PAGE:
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Wednesday, December 1, 2021

Training Tips for Ships - Tip #18: Creating a Culture of Learning

Maritime Activity Reports, Inc.

November 23, 2020

© pict rider/AdobeStock

© pict rider/AdobeStock

We all think about how to train to produce better outcomes – because better training outcomes mean better performance, safer operations, and employees who are more engaged and more satisfied. But there is a much “bigger picture” goal that only the most thoughtful of maritime organizations work to achieve.

  • That goal is to create a “culture of learning”.

It is a little hard to express a concrete definition for a culture of learning, but it is amazing how clear and powerful it is when you experience it. In an organization with a strong learning culture, personal and professional development are an ongoing part of the job. They are intrinsic to what the company does and incorporated into each employee’s job description. Training is not something that is treated as a periodic hurdle to jump over and leave behind as quickly as possible. Instead, learning is a continuous, valued process engaged in daily, throughout each person’s career. Most importantly, although a strong learning culture could be viewed as a set of policies, it is really a company value held and promoted throughout the organization which influences every decision including hiring, operations, promotion, sales, and more.

So many of the benefits of a strong learning culture are self-evident. But let’s talk about a few of them here. First, it has been shown over and over that organizations with strong learning cultures perform very highly for employee engagement and retention. The often-heard argument that investing in an employee’s training simply benefits the next organization he or she works for does not hold in practice. Instead, continuous investment in employee training and development tends to create a dedicated, long-term employee base. That is incredibly valuable. Strong learning cultures are also synonymous with employees who pride themselves on professionalism, safety and performance.

Additionally, strong learning cultures tend to perpetuate themselves once they are established.  An operator, once known for its focus on learning, will attract job applicants with compatible values. These are applicants who care about their career and their performance and wish to develop themselves professionally. Candidates who dislike training and are professionally disengaged are unlikely to apply to work at such a company. Similarly, during the transition to a culture of learning, it is possible that employees without a strong professional drive may leave as they find the new company culture at odds with their values. Together, this means that over the course of years, the company’s professionalism and learning culture will only strengthen, and that safety and performance will continue to improve.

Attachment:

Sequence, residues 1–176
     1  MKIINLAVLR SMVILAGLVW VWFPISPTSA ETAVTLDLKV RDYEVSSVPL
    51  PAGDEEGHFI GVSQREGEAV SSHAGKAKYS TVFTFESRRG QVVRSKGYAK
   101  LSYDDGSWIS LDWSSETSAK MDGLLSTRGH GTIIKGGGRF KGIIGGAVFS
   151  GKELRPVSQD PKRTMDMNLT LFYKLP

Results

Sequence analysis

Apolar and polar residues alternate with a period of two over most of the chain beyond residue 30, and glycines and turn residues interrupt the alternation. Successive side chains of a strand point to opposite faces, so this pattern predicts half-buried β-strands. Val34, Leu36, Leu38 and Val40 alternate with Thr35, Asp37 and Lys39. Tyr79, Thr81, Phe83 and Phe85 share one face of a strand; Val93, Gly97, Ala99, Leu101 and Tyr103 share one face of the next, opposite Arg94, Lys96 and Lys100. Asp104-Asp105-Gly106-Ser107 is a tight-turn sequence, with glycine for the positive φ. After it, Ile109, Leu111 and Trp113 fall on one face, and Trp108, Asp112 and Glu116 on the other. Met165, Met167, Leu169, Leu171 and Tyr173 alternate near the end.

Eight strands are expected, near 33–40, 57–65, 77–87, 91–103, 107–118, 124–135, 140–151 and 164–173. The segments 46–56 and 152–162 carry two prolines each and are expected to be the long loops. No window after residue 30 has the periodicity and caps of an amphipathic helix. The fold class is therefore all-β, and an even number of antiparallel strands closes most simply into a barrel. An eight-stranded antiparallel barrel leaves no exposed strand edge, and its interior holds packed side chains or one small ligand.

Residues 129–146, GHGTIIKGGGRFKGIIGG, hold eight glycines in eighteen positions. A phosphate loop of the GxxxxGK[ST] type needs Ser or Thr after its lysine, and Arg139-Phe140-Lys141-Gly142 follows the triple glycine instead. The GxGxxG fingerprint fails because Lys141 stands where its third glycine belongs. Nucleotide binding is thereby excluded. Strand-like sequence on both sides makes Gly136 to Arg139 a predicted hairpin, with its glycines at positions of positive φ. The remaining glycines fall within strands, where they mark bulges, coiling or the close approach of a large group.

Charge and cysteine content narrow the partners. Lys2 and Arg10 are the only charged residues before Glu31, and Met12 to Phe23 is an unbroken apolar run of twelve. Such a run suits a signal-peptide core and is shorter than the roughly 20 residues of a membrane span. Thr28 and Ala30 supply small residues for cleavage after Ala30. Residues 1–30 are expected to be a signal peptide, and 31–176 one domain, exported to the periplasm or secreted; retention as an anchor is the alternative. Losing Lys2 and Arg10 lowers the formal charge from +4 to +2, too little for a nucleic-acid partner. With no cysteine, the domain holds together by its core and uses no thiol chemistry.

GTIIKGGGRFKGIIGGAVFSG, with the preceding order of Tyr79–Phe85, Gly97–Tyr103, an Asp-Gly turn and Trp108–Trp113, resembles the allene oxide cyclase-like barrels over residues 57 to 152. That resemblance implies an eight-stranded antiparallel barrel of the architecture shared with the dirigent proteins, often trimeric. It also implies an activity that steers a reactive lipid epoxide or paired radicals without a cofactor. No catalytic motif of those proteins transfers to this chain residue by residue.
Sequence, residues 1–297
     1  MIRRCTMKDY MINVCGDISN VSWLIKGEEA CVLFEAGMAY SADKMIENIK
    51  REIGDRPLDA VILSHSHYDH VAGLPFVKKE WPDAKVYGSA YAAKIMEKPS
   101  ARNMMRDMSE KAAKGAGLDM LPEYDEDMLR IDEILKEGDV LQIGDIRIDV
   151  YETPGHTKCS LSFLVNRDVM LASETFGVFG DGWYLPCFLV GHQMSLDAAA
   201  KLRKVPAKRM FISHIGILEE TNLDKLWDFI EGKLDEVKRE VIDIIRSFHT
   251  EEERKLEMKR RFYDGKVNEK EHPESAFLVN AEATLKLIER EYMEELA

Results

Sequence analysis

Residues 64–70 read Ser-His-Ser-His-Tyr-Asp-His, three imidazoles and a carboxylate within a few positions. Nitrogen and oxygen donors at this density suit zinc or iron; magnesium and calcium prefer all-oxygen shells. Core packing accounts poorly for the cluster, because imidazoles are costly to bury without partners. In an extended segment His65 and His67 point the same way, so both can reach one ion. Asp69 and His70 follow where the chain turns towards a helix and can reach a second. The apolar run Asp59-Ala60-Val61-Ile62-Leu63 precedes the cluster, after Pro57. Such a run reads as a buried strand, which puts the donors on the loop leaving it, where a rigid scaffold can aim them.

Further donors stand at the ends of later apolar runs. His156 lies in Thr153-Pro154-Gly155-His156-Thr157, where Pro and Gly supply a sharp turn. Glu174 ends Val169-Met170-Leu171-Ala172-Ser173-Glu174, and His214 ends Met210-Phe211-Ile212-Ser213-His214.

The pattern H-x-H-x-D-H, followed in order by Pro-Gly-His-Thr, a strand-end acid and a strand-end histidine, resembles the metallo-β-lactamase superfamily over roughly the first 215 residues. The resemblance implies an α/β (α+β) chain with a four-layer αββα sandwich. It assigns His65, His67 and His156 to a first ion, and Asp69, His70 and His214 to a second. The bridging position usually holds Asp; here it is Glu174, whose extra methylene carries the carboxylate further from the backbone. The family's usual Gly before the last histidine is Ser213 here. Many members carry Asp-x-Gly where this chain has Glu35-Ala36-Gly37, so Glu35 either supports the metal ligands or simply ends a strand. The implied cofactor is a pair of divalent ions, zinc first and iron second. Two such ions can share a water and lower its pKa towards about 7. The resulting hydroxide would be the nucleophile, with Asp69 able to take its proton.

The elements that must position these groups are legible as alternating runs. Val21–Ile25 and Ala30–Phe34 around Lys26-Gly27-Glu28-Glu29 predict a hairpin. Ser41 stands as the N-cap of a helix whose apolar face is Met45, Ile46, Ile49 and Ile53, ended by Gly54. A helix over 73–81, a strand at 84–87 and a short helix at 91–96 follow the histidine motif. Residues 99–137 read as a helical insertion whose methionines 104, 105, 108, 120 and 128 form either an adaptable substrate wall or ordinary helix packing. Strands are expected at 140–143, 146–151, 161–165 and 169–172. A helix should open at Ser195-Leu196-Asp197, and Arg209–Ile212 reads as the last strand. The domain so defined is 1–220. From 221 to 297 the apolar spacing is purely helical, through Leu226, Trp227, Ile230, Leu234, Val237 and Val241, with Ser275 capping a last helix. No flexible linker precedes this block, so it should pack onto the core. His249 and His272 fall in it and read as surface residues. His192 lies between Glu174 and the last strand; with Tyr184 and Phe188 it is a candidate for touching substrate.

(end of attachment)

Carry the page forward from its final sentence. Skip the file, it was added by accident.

So the big question is, how do we implement a culture of learning? There are many answers to this. First and foremost, the people at the top of the organization must both communicate and demonstrate their own commitment to learning. This is paramount and must come before all else. In addition, there are a common set of techniques that are shared by companies with a strong learning culture. For example, companies with the strongest learning cultures involve everyone in the management of the learning process. 

From the bottom employee to the top, each person has a say not only in their own development (which is important), but also in how learning can evolve and improve throughout the organization. All but the newest employees can act as a learning mentor to one or more other employees. All learning planning committees should have broad and inclusive membership from employees at every level, and from a diverse set of departments. These committees are informed by regular employee polls and other forms of input from the employee base. Communication and transparency regarding corporate learning values, decisions, successes, failures, and changes should be prominent and continuous. Plus, of course, the approach to learning must be continually measured and updated as part of a continuous improvement process.

There are so many parts to this, and each organization will be different in their details of implementation, but the pillars are leadership from the top, communication, transparency, and the involvement of every employee in the management and direction of learning.
There is much more that needs to be said, and will be said, on this topic in future training tips for ships. In the meantime, keep healthy and sail safely.

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